We were now getting into the real soul of an Italian trattoria. It was pasta time. The menu has most of the choices you would expect. Penne Alla Arrabbiata, Spaghetti Alla Carbonara, Fusilli Ai Quattro Formaggi, Linguine Nero (with shrimp and squid ink), Spaghetti Alla Bolognese and Fettucine Al Pesto are all included.
We sampled the Spaghetti Primavera which came with olive oil, garlic, asparagus, zucchini, eggplant and prosciutto. It was fresh and light and the vegetables worked wonderfully together. We tried the Lasagna with its bolognese sauce, tomato and ricotta and it was as traditional as lasagna could be, proving there are some dishes you just shouldn’t mess with. Cent’Anni uses dried semolina for most of their pasta dishes but the fettuccine and ravioli are fresh and prepared in house.
Now Don Day really likes gnocchi but Don Day rarely orders gnocchi. Because too often Don Day has had gnocchi that seems like it would be much better at getting a fishing line to sink than to get it to float. Cent’Anni‘s gnocchi was about as fluffy as gnocchi can be and was accompanied by a simple but effective rose sauce. Don Day thought the next time Don Day’s Wife steals my pillow in the middle of the night, this is where I want to lay my head.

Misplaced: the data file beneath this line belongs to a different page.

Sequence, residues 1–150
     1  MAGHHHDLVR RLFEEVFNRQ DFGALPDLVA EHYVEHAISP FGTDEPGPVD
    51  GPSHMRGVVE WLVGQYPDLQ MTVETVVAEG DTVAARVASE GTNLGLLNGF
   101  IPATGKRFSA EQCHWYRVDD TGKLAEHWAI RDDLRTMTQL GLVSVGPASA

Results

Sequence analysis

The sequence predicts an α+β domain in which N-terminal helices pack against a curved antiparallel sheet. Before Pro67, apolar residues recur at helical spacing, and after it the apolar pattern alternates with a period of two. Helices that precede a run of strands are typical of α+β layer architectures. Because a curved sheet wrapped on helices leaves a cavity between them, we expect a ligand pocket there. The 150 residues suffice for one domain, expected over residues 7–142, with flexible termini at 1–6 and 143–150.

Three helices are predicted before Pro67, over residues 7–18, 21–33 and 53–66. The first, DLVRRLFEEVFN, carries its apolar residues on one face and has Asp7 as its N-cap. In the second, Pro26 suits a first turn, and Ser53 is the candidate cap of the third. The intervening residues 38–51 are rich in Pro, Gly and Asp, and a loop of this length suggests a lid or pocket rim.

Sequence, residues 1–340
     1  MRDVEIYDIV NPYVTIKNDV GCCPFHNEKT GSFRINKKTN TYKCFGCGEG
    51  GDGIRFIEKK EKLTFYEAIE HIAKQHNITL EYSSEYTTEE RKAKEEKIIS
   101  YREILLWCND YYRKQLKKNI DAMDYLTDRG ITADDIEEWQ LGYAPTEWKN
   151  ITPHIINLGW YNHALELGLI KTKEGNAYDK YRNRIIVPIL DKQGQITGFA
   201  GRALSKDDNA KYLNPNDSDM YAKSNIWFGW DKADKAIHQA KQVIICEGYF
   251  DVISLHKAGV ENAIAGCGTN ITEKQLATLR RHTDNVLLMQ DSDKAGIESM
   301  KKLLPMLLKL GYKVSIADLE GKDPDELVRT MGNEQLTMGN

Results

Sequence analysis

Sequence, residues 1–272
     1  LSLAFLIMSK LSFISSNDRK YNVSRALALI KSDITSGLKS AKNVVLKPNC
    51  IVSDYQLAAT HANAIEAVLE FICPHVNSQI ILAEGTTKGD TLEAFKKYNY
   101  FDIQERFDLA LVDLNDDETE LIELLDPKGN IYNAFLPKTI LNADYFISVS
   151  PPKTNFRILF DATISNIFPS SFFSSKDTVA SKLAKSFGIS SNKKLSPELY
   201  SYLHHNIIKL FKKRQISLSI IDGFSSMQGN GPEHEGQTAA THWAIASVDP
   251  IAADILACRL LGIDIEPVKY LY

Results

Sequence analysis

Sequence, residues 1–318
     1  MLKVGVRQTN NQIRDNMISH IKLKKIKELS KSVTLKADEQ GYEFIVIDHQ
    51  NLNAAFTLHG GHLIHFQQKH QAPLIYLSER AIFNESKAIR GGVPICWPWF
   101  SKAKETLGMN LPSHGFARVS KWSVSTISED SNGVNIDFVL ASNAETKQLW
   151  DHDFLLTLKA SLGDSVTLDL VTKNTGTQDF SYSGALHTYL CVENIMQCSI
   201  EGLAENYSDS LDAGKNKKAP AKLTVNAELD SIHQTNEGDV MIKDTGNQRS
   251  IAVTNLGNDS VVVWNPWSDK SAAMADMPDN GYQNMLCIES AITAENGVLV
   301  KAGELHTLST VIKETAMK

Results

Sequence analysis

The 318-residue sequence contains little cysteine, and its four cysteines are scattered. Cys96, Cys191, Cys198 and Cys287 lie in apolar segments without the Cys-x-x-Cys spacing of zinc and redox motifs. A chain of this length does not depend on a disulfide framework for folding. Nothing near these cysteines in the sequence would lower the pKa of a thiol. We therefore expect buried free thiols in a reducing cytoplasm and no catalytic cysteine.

OK. It was time. Prime time. Pizza time. Don Day loves pizza. Don Day schedules pizza for once a week, every week of his life. And the pizza that Don Day tries to schedule most in his life is wood-fired thin crust pizza.
When Don Day arrived back in San Miguel this winter and there was no wood-fired thin crust pizza to be found anywhere in town there was one very sad puppy in San Miguel. Until Don Day went to the roof of Cent’Anni and saw it. That dome shaped mound of brick and clay with a warm glow coming from a semi-circular hole. Yes, there was a wood oven in San Miguel de Allende again. You talk about a kid in a candy store. You should see a senior in a pizza kitchen.